Yukiyo Kawano opens Suspended Moment: Activating the Nuclear Past + Present, tonight, with a butoh performace.
Her installation includes about half scale models of the Little Boy and Fat Man atomic bombs, kanji caligraphy on paper lanterns from the Seattle Hiroshima and Nagasaki memorial ceremony, and fragments of her grandmother's komono sewn together with the artist's hair.
It is personal; she is the third generation of her family present at, and surviving, the bombing, a hibakusha.
There is no American cultural equvalent.
There will be a butoh performance by Meshi Chavez, the artist and poet Allison Cobb with music by Lisa DeGrace. Poet Cobb grew up in Los Alamos, design center for the first, and only used, thankfully, nuclear bombs. Some early, and many subsequent, butoh performers were influenced by the history of the bombings which were about 19 years before the first butoh. Butoh artist Isamu Ohsuka, founder of Byakko-sha, is also hibakusha, in his mother's womb.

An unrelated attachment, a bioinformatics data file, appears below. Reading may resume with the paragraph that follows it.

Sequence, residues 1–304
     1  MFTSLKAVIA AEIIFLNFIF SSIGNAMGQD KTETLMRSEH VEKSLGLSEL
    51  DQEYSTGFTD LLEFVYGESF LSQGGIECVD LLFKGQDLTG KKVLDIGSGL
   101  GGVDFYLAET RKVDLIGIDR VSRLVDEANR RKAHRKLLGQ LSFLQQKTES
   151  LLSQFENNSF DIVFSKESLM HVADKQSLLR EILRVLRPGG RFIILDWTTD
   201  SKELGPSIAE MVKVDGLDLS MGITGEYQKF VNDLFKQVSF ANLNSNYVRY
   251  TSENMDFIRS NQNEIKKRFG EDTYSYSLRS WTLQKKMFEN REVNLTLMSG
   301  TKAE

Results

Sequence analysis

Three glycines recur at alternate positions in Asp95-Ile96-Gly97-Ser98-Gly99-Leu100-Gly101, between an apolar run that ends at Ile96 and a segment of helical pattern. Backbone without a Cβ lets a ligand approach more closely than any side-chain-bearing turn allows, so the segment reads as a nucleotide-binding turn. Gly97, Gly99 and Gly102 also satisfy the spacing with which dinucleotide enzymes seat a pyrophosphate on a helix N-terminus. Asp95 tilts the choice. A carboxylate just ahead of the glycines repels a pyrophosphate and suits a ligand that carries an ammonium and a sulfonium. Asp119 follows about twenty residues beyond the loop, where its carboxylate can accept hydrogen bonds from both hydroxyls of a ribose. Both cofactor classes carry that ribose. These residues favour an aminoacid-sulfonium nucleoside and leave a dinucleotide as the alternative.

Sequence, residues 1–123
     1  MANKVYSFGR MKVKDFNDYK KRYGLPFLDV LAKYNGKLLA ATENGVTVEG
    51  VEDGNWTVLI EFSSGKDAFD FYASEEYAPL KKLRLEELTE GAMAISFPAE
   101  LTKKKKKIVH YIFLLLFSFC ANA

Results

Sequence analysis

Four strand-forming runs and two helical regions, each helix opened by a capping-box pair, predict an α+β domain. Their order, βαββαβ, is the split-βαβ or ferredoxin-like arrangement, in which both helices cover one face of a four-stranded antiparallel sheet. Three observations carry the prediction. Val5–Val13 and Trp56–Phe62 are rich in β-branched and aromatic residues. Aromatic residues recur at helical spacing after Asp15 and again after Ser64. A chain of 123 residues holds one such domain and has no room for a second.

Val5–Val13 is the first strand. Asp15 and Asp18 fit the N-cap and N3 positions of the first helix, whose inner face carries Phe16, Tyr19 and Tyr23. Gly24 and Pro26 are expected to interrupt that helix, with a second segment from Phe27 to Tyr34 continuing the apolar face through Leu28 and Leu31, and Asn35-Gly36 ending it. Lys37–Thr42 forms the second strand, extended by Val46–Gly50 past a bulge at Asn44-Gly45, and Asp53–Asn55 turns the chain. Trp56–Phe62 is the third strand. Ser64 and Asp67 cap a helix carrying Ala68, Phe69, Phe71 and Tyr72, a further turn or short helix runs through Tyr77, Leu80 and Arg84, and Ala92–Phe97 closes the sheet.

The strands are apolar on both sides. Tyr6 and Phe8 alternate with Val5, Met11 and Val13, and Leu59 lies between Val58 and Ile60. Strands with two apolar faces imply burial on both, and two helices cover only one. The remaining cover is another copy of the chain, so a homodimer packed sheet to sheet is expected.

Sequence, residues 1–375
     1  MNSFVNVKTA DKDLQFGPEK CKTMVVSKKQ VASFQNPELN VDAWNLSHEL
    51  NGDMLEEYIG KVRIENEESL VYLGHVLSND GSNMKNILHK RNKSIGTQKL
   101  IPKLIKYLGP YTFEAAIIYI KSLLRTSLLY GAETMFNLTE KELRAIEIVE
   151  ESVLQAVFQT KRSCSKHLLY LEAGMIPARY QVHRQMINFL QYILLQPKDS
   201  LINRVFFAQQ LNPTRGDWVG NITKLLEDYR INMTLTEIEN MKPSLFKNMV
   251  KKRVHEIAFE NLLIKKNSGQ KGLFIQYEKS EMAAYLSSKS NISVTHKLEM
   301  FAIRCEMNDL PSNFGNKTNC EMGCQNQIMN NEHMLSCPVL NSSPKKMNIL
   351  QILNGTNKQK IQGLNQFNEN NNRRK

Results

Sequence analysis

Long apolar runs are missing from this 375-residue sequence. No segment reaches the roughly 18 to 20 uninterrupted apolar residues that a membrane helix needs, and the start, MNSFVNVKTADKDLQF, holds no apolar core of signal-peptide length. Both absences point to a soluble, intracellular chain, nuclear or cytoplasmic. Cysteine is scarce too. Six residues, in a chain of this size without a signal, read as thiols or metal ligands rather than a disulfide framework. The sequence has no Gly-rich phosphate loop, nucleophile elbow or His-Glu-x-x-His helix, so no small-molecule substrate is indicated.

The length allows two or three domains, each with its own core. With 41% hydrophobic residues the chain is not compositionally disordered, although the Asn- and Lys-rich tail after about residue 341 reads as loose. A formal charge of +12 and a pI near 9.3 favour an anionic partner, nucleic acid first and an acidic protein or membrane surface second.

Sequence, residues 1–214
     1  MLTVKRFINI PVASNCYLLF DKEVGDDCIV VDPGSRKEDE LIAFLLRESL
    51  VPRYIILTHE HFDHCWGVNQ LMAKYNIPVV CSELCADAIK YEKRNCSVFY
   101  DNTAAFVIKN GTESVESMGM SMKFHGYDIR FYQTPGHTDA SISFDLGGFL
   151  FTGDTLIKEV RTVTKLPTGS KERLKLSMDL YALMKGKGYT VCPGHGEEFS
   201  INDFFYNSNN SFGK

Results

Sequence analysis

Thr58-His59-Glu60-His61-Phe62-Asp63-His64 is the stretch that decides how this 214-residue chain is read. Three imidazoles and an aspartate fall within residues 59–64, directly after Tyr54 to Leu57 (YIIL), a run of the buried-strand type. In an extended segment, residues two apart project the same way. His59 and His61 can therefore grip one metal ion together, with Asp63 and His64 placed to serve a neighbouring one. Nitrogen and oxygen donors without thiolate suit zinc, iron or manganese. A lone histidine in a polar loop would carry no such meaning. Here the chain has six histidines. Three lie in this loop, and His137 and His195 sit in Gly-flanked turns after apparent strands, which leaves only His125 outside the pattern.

Yukiyo Kawano's artist website and the show announcement have more eloquent explorations.
The Fat Man bomb sculpture is covered in fabric inscribed with poetry from the great master Basho recording travels across the country by foot in his own journey to the North in 1689. That route, passing near the Fukushima Daiichi nuclear plant is still traveled by pilgrims.
The artists are planning to present their installation and performance at Hanford, Los Alamos, Hiroshima, Nagasaki, 1945 nuclear bomb sites, and in the Fukushima power plant area. The artist website has those details.
The show is brief, until November 30, with limited hours. It is timely, with the president elect proposing proliferation of nuclear weapons of total war.
At the PSU Littman and White Galleries in Smith Union. www.pdx.edu/littmanandwhite PSU Smith Hall, Room 250, 1825 SW Broadway
Opening 6PM-8, performance 6:20, discussion 6:45PM-7. Free